In Matthew 5, Jesus shows unambiguously that the greatest obstacle to getting the gospel is not "cheap grace" but "cheap law" – the idea that God accepts anything less than the perfect righteousness of Jesus. (By the way, the proper response to the charge of "cheap grace" is not to make grace expensive by adding a thousand qualifications and footnotes, but rather to declare that grace is free!)
Jesus shows that because God's demands are unqualified and undiluted, the grace we desperately need must be unqualified and undiluted. In fact, the way of God's grace becomes absolutely indispensable only when we finally see that the way of God's law is absolutely inflexible.
John Dink strikes gold again, showing how the great problem in the church today is the same problem Jesus addressed in Matthew 5–cheap law, not cheap grace:
The compassion of our heavenly Father is the gift of his only Son. I am nothing. And in my nothingness, I have come to know that the gift is fearfully and wonderfully near. In the words of Augustine, the Son "is more intimate with us than we are with ourselves." He tabernacles among the brokenhearted. Without a shred of ignorance, he can call every skeleton in your closet by name. Yet, Jesus is not ashamed to prepare a room for you in his Father's house. He loves to share his reward with sinners. But, I must warn you. To those who think they deserve a place at my Father's table… not even a stale crumb is reserved for you. If you trust in some personal display of good fruit to save your seat, you have received your reward and my Christ will not vouch for you. I beg you to listen to the voice of your first love: "Blessed are the poor in spirit, for theirs is the kingdom of heaven."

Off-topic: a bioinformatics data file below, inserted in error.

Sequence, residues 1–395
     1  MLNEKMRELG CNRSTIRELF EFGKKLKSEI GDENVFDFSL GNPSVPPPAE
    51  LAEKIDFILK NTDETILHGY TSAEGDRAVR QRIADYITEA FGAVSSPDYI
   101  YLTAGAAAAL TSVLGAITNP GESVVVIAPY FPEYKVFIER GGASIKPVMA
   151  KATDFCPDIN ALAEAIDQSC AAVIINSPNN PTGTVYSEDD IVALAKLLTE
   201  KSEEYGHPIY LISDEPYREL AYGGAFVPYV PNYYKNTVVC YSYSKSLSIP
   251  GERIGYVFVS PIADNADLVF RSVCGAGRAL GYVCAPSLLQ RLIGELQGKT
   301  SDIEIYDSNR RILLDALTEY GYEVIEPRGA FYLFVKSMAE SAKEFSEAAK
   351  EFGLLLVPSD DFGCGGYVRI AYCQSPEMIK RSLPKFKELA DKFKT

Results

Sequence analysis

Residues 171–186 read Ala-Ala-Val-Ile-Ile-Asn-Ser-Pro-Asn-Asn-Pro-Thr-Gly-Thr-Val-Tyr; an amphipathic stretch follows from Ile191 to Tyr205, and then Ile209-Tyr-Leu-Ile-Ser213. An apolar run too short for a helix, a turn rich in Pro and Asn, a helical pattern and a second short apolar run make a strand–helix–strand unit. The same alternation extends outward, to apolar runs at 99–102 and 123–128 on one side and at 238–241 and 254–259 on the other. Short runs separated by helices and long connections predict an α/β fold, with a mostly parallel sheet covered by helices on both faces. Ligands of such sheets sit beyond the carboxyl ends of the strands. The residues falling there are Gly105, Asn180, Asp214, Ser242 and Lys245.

But, there are some who seek to escape their need for grace and deceive us by lowering the cost of God's righteousness. They preach a cheap law that sells indulgences to those who pay with the appearance of sanctification. But God's law – costly law – never negotiates with sinners. It is holy and righteous and good – but it is not patient with law-breakers, it is not kind to the ungodly, it keeps every record of wrongdoing. However, we need not fear costly law because Jesus has proclaimed that he will pay our way through the flood of demands with himself. Nor should we fear the liberty of justification, and sanctification, by grace alone through faith alone (the children of the gift work harder because they don't have to work at all). What we must fear is the baptism of shallow, luke-warm water: "cheap law."